Senate races

Virginia Senate hopefuls woo tech leaders

RESTON, Va. — The two men vying to represent Virginia in the Senate next year worked to woo the commonwealth’s technology leaders on Monday.

Virginia Sen. Mark Warner (D) and his Republican challenger Ed Gillespie made similar pleas for better education and tax reform to feed the state’s growing sector, but also sounded contrasting notes on issues ranging from immigration to the role of federal contractors.

{mosads}The stage at Microsoft’s Northern Virginia headquarters — about 30 minutes west of the nation’s capital — seemed at times like home turf for Warner, who made millions in the early days of the cellphone industry before entering politics.

Among a multitude of other investments, he co-founded the company that eventually became Nextel, experience that he harked back to while talking at length about industry-specific issues, such as the need to reform country’s patent laws and get more chunks of the nation’s airwaves into the hands of phone companies.

“As I started to go around Virginia, what I was introduced as was ‘that tech guy from northern Virginia,’ ” he told the audience of tech executives and lobbyists, while peppering his remarks with anecdotes from his previous career.

Warner contrasted his past with Gillespie’s history as a “partisan warrior” who used to lead the Republican National Committee.

“I’ve known an awful lot of people in that room for a long time,” he told reporters after the event, which was hosted by the Northern Virginia Technology Council. 

“I’ve worked with them as governor; I’ve worked with them as senator. Back in the early ‘90s when the tech community was coming of age, I was a part of all the efforts as this community got branded, and we tried to brand the whole area,” the Democrat continued.

Gillespie responded by linking Warner to President Obama, saying, “Our anemic economy is not somehow a matter of fate.”

“It’s the result of bad policies and a government that’s grown too big and done too many things that would better be left to local governments and the private sector,” he added. 

One of the signs of a bloated government, the GOP hopeful told the packed room, was the federal government’s reluctance to rely on contractors and, instead, have more functions performed in-house at federal agencies, a phenomenon known as insourcing.

The subject is especially resonant in the Northern Virginia suburbs near D.C., where government contractors’ advertisements are common at metro stations and highways are lined with anonymous-seeming office buildings.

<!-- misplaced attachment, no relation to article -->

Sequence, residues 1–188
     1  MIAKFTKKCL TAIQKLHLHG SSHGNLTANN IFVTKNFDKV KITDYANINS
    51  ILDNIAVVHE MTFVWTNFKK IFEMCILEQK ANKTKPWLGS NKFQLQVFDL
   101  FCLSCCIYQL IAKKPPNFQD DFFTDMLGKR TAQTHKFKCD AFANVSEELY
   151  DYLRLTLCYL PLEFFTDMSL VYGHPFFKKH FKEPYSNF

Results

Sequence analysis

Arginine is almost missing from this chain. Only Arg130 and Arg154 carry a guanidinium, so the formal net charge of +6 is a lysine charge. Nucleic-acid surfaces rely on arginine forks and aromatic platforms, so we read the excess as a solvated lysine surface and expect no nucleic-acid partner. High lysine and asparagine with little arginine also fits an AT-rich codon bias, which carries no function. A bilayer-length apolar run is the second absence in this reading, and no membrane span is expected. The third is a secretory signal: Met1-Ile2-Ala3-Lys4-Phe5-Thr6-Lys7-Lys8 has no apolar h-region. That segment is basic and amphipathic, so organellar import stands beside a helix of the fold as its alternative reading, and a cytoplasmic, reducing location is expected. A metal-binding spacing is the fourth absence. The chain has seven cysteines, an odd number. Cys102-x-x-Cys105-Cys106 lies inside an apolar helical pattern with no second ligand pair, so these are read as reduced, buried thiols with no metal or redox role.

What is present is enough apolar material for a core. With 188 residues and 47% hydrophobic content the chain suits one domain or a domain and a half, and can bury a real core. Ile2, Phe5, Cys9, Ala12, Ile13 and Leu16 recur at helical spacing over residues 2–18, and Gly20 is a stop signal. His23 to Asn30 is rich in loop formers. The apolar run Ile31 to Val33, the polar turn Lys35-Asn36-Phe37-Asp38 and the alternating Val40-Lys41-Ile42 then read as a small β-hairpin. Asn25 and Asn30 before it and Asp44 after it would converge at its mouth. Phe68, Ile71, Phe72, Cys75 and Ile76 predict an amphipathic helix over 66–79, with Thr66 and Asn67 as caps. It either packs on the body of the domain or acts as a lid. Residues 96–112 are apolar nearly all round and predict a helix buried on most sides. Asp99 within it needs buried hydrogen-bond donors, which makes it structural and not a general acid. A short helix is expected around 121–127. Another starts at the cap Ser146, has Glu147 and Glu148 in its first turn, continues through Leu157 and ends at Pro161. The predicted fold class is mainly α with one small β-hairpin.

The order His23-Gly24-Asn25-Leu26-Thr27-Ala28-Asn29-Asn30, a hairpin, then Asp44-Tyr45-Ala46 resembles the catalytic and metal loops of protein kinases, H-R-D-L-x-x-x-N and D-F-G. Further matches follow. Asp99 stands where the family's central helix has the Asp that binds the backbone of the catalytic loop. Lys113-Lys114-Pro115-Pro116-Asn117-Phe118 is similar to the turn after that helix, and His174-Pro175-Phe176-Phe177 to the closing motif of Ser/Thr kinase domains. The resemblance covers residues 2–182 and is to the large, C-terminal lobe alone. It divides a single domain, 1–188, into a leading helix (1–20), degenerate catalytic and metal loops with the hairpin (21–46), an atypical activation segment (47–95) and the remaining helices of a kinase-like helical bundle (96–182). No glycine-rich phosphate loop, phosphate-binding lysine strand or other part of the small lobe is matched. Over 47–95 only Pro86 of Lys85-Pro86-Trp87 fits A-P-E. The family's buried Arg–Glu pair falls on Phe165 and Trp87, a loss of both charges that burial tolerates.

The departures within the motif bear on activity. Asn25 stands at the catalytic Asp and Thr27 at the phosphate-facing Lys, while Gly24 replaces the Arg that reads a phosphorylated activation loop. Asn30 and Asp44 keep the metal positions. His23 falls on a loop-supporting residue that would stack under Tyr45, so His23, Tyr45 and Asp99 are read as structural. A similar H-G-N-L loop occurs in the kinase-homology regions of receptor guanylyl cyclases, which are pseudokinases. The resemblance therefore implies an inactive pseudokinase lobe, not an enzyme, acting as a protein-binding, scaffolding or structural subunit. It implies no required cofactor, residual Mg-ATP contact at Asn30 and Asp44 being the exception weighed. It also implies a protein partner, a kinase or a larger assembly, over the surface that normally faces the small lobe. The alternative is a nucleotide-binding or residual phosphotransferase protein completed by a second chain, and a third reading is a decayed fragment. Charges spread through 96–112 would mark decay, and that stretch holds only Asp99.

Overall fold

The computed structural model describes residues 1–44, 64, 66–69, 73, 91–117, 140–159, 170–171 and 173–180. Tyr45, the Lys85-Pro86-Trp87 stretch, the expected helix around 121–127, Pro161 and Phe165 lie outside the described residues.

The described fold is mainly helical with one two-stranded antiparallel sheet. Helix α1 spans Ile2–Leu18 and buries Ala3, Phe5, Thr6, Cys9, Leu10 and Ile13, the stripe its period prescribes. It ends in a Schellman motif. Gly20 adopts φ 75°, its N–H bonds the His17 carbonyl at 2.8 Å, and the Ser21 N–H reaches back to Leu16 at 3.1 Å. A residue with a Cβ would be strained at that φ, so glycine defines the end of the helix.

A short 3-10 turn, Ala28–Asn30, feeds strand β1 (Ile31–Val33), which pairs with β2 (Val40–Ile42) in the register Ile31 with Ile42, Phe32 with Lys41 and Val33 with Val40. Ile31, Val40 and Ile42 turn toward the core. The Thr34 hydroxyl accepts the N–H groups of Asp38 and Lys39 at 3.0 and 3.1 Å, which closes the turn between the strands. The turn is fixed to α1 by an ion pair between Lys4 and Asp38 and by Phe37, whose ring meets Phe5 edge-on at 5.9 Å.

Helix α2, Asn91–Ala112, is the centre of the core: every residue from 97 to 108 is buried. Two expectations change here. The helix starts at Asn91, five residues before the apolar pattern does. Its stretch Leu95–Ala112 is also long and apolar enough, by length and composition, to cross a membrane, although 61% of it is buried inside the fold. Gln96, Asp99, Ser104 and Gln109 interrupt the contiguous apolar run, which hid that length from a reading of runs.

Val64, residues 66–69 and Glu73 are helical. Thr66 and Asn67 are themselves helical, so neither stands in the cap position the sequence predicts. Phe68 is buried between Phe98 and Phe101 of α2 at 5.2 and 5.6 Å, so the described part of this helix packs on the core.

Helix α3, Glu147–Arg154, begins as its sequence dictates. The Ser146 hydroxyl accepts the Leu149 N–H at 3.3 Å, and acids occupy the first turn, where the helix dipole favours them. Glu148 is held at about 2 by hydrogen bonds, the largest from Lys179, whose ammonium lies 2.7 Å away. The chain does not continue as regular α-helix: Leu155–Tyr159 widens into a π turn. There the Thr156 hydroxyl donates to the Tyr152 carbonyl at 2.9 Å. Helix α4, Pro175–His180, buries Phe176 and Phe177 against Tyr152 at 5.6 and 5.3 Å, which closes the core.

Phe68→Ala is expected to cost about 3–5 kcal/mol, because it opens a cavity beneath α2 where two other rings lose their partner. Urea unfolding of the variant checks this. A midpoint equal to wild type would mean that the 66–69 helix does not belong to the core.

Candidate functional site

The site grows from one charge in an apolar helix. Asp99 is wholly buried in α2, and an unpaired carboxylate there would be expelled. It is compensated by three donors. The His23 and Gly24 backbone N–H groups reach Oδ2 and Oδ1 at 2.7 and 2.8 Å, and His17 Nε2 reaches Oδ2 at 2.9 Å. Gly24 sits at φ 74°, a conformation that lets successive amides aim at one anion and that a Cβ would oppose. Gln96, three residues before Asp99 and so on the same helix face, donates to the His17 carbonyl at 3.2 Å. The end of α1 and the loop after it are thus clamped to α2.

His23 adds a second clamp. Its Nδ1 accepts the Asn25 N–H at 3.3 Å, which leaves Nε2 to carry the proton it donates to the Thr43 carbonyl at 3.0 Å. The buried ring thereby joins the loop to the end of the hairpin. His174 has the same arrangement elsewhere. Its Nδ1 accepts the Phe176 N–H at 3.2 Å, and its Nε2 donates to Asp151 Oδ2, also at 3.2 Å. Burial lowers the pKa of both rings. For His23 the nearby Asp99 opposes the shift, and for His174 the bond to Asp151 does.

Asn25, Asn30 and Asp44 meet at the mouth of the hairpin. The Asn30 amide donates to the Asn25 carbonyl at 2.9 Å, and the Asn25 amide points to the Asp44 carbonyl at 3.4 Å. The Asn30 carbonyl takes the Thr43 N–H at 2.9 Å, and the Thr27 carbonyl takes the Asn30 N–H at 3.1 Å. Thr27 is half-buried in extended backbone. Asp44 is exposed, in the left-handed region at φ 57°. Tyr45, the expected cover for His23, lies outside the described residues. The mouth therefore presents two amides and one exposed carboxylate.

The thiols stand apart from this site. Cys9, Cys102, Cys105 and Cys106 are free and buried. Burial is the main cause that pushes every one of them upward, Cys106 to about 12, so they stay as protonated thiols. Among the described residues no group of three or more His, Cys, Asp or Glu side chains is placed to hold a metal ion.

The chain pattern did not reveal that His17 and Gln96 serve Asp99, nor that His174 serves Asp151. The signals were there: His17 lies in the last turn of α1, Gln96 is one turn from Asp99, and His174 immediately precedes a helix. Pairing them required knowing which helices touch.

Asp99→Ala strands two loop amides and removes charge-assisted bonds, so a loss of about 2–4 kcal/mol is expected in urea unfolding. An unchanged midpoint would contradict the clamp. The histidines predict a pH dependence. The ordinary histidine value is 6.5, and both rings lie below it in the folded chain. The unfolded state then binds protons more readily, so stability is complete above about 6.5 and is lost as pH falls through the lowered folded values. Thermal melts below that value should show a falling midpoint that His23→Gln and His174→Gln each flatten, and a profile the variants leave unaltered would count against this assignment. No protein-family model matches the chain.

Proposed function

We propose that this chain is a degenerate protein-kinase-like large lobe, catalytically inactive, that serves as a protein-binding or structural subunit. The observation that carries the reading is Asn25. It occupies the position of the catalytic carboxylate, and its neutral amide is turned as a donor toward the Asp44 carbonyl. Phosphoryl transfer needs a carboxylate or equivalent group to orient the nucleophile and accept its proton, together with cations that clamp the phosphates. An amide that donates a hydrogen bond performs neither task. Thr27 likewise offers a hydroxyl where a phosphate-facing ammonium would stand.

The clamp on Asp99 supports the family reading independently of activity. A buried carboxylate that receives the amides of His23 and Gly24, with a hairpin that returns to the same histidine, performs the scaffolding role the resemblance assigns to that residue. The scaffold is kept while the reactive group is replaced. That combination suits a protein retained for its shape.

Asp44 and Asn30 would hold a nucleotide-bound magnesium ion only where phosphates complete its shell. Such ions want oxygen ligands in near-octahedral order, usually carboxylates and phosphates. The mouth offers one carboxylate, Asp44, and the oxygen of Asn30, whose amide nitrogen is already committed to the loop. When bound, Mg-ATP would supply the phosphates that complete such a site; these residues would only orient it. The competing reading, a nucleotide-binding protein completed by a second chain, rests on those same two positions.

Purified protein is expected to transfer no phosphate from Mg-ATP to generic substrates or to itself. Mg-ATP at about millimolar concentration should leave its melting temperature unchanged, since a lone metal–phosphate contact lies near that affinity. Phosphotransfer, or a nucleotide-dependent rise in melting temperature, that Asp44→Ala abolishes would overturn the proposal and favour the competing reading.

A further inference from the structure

“I don’t accept the notion that it can be done more cheaply inside the federal government,” Gillespie said. “You’re insulated from competition. You’re insulated from innovation, and I believe that the inclination ought to be toward having it be done in the private sector if it can be done in the private sector.”

Warner took a slightly more measured approach on the subject.

“I think that the pendulum on this has probably swung too far both ways,” he said, arguing that governments have both embraced and spurned contractors too much in the past. 

“I think it’s going to be done on an analysis of best value for the taxpayer and best value in terms of product that we’re going to get out,” Warner added.

The two did not face off toe-to-toe as in a traditional debate, but instead answered questions for about an hour each in two back-to-back appearances on the same stage.

Northern Virginia has a relatively vibrant technology hub, spurred in part by contractors for the federal government. 

The state has the highest concentration of science, technology and engineering jobs in the nation, and about 1 in every 10 private-sector workers in Virginia is employed by a tech company, according to the TechAmerica Foundation. 

To grow the industry, both Warner and Gillespie called for reforming the system of visas for high-skilled workers, but differed on how precisely to update the nation’s broader immigration laws. 

Gillespie, who was skeptical of the Senate’s immigration reform bill last year, said the country had a “responsibility to secure our border” before moving forward with other measures.

Warner voted in favor of the Senate immigration reform bill and blamed Republicans in the House for failing to pick up the issue.

“If the House had a better idea, fine, but don’t do nothing,” he said.

Both agreed that a research and development tax credit should be extended and said science and tech degrees should be more affordable.

Both also called for a limited set of changes to government surveillance programs — which tech companies complain will cut their profits by tens of billions of dollars due to public mistrust following leaks from former NSA contractor Edward Snowden — and voiced support for a legal way to allow companies and government officials to better share information about malicious hackers.

Warner is considered the favorite in the Senate race and has been leading Gillespie by double-digits in recent polls.

— Updated on Sept. 9 to correct Reston’s proximity to Washington, D.C.

Tags Ed Gillespie Mark Warner Mark Warner Microsoft Virginia Senate

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